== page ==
Feminism:

Feminism is the belief that women should have equal political, social, sexual, intellectual and economic rights to men. It involves various movements, theories, and philosophies, all concerned with issues of gender difference, that advocate equality for women and that campaign for women’s rights and interests. According to some, the history of feminism can be divided into three waves. The first wave was in the nineteenth and early twentieth centuries, the second was in the 1960s and 1970s, and the third extends from the 1990s to the present. Feminist theory emerged from these feminist movements. It is manifest in a variety of disciplines such as feminist geography, feminist history and feminist literary criticism.

Feminism has altered predominant perspectives in a wide range of areas within Western society, ranging from culture to law. Feminist activists have campaigned for women’s legal rights (rights of contract, property rights, voting rights); for women’s right to bodily integrity and autonomy, for abortion rights, and for reproductive rights (including access to contraception and quality prenatal care); for protection from domestic violence, sexual harassment and rape; for workplace rights, including maternity leave and equal pay; and against other forms of discrimination.

During much of its history, most feminist movements and theories had leaders who were predominantly middle-class white women from Western Europe and North America. However, at least since Sojourner Truth’s 1851 speech to American feminists, women of other races have proposed alternative feminisms. This trend accelerated in the 1960s with the Civil Rights movement in the United States and the collapse of European colonialism in Africa, the Caribbean, parts of Latin America and Southeast Asia. Since that time, women in former European colonies and the Third World have proposed “Post-colonial” and “Third World” feminisms.[16] Some Postcolonial feminists, such as Chandra Talpade Mohanty, are critical of Western feminism for being ethnocentric. Black feminists, such as Angela Davis and Alice Walker, share this view.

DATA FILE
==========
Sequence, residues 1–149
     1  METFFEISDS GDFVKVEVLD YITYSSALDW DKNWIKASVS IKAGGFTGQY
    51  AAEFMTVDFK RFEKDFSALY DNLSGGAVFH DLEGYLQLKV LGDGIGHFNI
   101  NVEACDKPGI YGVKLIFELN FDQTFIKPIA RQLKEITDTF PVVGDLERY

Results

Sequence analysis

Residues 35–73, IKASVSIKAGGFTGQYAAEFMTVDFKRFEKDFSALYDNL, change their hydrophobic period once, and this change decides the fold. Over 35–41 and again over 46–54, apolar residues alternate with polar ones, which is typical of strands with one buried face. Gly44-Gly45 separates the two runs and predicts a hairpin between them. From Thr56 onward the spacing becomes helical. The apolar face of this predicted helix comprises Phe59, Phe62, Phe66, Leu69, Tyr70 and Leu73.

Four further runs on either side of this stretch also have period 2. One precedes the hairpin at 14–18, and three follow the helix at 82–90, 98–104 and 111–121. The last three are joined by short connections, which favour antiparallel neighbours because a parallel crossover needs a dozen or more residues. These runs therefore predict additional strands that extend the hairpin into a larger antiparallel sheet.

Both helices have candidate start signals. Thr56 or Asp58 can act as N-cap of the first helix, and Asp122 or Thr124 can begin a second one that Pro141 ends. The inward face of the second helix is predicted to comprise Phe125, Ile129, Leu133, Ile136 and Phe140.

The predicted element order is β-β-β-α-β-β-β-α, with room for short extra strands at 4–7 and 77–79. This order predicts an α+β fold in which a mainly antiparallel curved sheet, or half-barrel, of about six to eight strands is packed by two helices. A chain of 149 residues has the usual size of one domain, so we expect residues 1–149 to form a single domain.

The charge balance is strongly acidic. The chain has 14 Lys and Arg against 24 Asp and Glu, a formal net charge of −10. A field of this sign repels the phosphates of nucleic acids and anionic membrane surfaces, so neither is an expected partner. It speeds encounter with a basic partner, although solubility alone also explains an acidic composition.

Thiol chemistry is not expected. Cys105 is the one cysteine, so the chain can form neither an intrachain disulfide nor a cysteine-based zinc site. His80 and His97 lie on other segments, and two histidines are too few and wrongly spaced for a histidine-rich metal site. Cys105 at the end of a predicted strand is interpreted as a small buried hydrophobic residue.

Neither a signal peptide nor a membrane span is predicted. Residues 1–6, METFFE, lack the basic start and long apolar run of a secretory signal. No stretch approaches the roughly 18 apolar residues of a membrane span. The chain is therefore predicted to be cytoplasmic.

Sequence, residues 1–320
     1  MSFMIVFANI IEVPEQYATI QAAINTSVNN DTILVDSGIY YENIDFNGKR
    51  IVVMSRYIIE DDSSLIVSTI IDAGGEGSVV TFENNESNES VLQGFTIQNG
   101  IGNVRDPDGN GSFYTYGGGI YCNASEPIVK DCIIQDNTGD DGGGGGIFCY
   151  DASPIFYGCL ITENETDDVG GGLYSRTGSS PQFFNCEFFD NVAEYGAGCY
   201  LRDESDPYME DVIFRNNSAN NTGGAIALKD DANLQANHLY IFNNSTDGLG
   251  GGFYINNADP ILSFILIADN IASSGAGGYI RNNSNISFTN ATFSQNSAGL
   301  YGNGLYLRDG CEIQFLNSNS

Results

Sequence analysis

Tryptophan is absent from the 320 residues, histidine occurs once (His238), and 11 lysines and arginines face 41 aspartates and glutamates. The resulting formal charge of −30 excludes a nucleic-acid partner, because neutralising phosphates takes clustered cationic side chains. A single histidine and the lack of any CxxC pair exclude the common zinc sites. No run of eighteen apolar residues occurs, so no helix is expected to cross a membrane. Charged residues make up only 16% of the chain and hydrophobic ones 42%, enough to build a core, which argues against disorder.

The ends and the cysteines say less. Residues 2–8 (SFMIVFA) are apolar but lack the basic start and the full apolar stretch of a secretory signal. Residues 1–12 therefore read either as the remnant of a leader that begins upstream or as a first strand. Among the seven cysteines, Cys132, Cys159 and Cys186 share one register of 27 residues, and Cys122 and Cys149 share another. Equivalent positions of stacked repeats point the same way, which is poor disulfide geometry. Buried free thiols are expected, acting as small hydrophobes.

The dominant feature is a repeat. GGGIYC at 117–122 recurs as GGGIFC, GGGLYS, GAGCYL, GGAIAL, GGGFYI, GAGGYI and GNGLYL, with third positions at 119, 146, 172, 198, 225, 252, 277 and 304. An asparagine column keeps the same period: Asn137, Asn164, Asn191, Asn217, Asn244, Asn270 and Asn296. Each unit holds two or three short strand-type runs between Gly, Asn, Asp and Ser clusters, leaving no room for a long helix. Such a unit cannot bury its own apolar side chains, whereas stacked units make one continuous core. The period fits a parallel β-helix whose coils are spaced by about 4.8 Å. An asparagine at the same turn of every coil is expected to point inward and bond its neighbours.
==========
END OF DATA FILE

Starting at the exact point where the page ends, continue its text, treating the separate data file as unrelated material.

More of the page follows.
Since the 1980s, standpoint feminists have argued that feminism should examine how women’s experience of inequality relates to that of racism, homophobia, classism and colonization. In the late 1980s and 1990s postmodern feminists argued that gender roles are socially constructed, and that it is impossible to generalize women’s experiences across cultures and histories.

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